Email privacy in the workplace
Checking my magic 8-ball again, I get the same answer. Situation murky – ask again later. You see, interception of electronic communications is much more complicated than the listening in or recording of telephone calls.
The laws typically differentiate between intercepting a communication (and recording it) and accessing it when it is stored. To intercept or record a conversation requires all party consent in those all party consent states. To access it after it has been stored typically does not (although there are still legal protections for stored communications).
The problem here is both technical and legal. When exactly is an email "intercepted?" A few years back, in United States v Councilman, a federal appeals court in Boston wrestled with whether an operator of an online bookstore and email server violated the law by reading his customers' emails without their consent (only the ones to Amazon, of course).
At issue was whether the e-mails were intercepted "in transmission" or not. The majority of the court said that interception, "includes transient electronic storage that is intrinsic to the communication process for such communications." But they didn't decide what happens, "after a message has crossed the finish line of transmission[.]" The dissent said that, "the Wiretap Act's prohibition on intercepting electronic communications does not apply when they are contained in electronic storage, whether such storage occurs pre- or post-delivery, and even if the storage lasts only a few miliseconds."
In fact, emails are actually never intercepted. All email is "store and forward". While the packets "travel" across the internet, it's not like a physical pod is traveling down a tube. The "original" packet stays on the server, allowing its doppelganger to travel to the next point of departure. Indeed, it would be impossible to "read" an email "in transmission" – you have to stop it, and then reassemble it to get it to appear on the screen.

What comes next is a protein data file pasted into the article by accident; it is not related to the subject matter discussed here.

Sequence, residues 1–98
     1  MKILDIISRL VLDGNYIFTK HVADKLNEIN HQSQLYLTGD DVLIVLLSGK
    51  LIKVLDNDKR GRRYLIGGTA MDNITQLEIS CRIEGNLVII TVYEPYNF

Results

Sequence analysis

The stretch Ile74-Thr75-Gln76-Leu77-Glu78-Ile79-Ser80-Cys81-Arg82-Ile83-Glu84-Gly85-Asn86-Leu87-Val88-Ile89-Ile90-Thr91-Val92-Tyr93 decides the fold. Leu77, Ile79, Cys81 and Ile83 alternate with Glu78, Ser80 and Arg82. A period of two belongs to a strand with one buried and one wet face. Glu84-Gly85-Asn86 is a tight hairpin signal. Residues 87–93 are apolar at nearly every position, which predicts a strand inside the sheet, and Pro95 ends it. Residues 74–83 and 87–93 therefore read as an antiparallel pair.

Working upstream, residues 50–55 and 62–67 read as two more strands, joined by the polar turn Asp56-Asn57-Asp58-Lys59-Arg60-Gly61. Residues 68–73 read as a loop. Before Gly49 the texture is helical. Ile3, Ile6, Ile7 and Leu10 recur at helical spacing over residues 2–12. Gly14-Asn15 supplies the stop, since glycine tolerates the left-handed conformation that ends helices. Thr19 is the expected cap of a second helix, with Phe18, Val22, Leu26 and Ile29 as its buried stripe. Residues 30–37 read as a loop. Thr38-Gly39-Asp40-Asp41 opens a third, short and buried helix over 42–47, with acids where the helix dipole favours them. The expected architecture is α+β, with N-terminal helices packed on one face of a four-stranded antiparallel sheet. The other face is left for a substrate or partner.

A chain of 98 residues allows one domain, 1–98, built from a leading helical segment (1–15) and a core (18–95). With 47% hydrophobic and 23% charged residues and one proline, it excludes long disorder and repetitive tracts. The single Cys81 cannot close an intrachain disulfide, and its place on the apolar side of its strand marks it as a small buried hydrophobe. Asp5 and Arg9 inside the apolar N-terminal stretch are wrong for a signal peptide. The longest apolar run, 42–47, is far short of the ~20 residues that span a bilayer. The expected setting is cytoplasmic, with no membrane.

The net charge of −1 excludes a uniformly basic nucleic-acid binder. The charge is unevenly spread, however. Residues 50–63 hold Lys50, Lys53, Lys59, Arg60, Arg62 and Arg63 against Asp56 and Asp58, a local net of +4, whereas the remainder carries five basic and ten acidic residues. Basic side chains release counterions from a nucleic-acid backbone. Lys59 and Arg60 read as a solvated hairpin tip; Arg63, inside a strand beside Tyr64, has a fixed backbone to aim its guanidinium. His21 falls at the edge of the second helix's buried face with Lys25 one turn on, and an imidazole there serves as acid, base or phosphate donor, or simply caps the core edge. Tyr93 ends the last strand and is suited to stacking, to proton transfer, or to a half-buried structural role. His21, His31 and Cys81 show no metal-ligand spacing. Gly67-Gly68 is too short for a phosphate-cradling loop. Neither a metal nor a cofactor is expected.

Thus, the principal legal loophole we rely on in allowing us to read emails with only one party consent is this legal fiction that the email is already "received" and stored - whether or not the recipient has ever seen it.
In one case, a California resident named Weibin Jiang was arrested for a sexual offense and used his employer's computer to communicate with counsel, retaining these files in a subdirectory called "Attorney."
Despite the fact that the computer belonged to the company, and that Mr Jiang signed an agreement expressly indicating that he had, "no expectation of privacy in any property situated on the company's premises and/or owned by the company", the court found that the government could not simply subpoena the attorney client privileged records from the employer. So even consent may not be fully effective. It all comes down to reasonableness.
Privacy in the workplace
What about an employer's right to read emails as they come in? As they hit the inbound server? Again, my magic 8-ball tells me that the situation is murky. If the email is not subject to the consent of all parties, and one of the parties (either the sender or recipient) lives in a jurisdiction that mandates all party consent, then this could be an unlawful interception under state law (Federal law requires only one party consent). Under the new California case, it may not matter that you are in a state that permits one party consent.
The truth is, we monitor these kinds of communications all the time, and everybody kind of expects this kind of monitoring. We are now at the point where most people would agree with the statement that, "I have no expectation of privacy in the email I use at work." This statement probably applies equally to the contents of work related email as well as to any personal (web-based) mail you send using your employer's computers or networks. NO PRIVACY.
Not so fast. You see, despite this fact, if you probe further you will find that people DO have expectations of privacy in both corporate and personal emails used at work – and, lo and behold, these expectations are reasonable. Is it okay for you to read your cubicle mate's email on the screen just because you are curious? Is is okay to forward that email? Can you (or more accurately, may you) read your bosses' email? If the opposite of "private" is indeed "public", does this mean all email is "public?"
Of course not. We expect that email may be read by anyone we send it to, and anyone they may forward it to. We expect that those higher than us on the corporate pecking order (including the system administrator who is God, and his or her denizens) may also read it for legitimate business purposes, and not for idle curiosity. Access may be granted for corporate compliance purposes, regulatory purposes, law enforcement purposes, or other legitimate purposes. But that does not mean there is NO privacy – just very limited privacy.
So, can an employer in an all party consent state read inbound or outbound electronic communications without the consent of all parties? We do it all the time, so it must be okay... but then again, where is that magic 8-ball?
This article originally appeared in Security Focus.
Copyright © 2006, SecurityFocus
SecurityFocus columnist Mark D Rasch, JD, is a former head of the Justice Department's computer crime unit, and now serves as senior vice president and chief security counsel at Solutionary Inc.
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